Hopefully, this isn’t just of interest to me, but I’ve been really eager to try to understand or place what is uniquely American about this myth of the ‘satanic cult.’ To be clear, that isn’t me trying to say that this is a trope that is somehow only been expressed as part of American film tradition and cultural lore—because, truthfully, that would be one of the sillier crosses to die on. If nothing else, I mostly just want to use this post to think about how American culture might encourage an especially sympathetic relationship between itself and moral panics.
Something nodal that emerged for me from this particular line of inquiry was a contention with the United States’ relative cultural youth. Even though a lot of this comes down to subjective conjecture, compared to most other countries, I’ve always been taught that America is on the naïver end. Again, it is possible that I’m totally off, here, but, from my experience of history, it seems as though the United States has lagged centuries behind other nations in crystalizing certain parts of its cultural identity.
What does this have to do with moral panic, you might be asking? Well, if you take a historical perspective on social scourges like the ‘Satanic Panic’ of the 80s, you’d see that the timeline of most of these scandals share a pretty prescriptive formula: rapid societal change meets the knee-jerk reaction of fear and, next thing you know, people want a scapegoat to externalize their fears onto. For a country that reads more like a crash course in political upheaval and moral freefall, you could see how things might take off. What’s more, the United States is largely considered to be a pretty culturally Christian society, which means it doesn’t take much to conjure a Devil in the imagination of the average American. So, between those two, say, ‘cultural pressures,’ I think it is easy to see how people might’ve gone running with conspiratorial theories in an attempt to make themselves feel safe in an otherwise largely turbid, disordered world.
This, of course, doesn’t excuse the fact that a lot of people’s lives were ruined by these social contagions, it’s more just an attempt to flag the ways that people understand themselves as acting within this broader tradition of heroism. I think that is, in large part, what makes these moral panics so fervent: barring those bad actors who just want to turn a profit on others suffering, or sow seeds of chaos, there seem to be a lot of people—parents especially, as evidenced by the Tipper Gore reading—who are well-intentioned, but can’t seem to quiet their desire to cocoon and, ultimately, control the vulnerable populations around them in the name of ‘safety’ (think slices of our population like children, the elderly, animals, so on and so forth).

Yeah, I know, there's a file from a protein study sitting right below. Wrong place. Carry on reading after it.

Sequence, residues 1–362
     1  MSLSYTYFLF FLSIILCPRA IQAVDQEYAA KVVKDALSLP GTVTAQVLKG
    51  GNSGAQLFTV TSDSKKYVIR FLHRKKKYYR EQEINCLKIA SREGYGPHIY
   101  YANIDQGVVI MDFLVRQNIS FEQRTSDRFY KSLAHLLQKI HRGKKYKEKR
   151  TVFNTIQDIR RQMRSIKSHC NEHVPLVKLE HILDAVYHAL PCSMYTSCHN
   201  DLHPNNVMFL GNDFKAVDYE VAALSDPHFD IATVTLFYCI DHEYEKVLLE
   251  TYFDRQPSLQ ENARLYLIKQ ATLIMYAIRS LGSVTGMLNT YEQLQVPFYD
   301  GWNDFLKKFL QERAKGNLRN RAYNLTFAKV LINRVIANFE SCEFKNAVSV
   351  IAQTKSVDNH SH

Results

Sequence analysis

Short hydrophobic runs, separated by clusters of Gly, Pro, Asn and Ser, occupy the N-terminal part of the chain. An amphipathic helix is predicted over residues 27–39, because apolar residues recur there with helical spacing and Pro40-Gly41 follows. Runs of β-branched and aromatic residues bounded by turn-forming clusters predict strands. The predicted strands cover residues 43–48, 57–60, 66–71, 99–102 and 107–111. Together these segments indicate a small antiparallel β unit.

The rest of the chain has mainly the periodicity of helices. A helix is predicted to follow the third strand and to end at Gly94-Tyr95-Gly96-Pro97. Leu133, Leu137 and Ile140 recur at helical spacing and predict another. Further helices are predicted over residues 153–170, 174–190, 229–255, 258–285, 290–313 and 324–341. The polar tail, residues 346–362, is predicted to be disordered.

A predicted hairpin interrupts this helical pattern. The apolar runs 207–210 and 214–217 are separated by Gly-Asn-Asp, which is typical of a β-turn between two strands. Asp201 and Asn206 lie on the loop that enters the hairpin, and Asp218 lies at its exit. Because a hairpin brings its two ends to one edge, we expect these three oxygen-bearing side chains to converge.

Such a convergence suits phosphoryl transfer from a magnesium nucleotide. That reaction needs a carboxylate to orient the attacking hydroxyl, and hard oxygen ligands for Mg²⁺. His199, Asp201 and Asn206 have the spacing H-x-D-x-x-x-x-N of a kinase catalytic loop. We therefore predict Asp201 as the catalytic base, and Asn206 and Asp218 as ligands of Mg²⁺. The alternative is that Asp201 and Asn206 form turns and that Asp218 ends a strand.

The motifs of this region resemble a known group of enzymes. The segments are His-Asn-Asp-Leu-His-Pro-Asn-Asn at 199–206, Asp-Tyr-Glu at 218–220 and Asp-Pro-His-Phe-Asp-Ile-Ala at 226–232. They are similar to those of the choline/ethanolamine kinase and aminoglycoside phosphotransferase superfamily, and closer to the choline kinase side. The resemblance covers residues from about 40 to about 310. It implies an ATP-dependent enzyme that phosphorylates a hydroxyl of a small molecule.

This also helps to explain how these movements come to snowball and almost ritualize themselves into our shared cultural conscious: if people think a witchhunt is protecting kids from something like a shadowy realm of people who live among and take pleasure in abusing us, then it’d make sense that those same fantasizing ‘heroes’ would be willing to look past the appalling lack of physical evidence that usually accompanies these sorts of movements. When everything is conveniently clandestine and truth can operate as needing to be recovered or prompted back by some mediating authority, as was the case in the 80s, then it follows that audiences would have been more lenient in their appraisal of what is factual information and what is anxiety/fear masquerading as such.
As a final thought of sorts, I think it is interesting to think about how, with ‘Satanic Panic’ specifically, there was no Jonestown, or David Koresh scenario, and yet that didn’t stop people from buying into the validity of these claims! It seemed that with fewer touchpoints to any verifiable crimes, preoccupation with these stories only grew. This, in my understanding of things, is a really fascinating parrot or mime of how people negotiate the lore/specter of the supernatural and occult. Because these claims crucially existed beyond the metaphorical court of peer-reviewed methodology and hard evidence, means that these allegations were allowed to take hold in the same place that the monsters from horror movies do: our own imaginations.
With that in mind, the next time you see the alarm bells of hypervigilance take precedence over incontrovertible fact, step back and seek perspective: is this really about evil being perpetrated in the world, or is this more in line with a projection of someone’s fear of difference or change? Using that lens to revisit the years of Satanic Panic would tell us that it is more than likely the latter.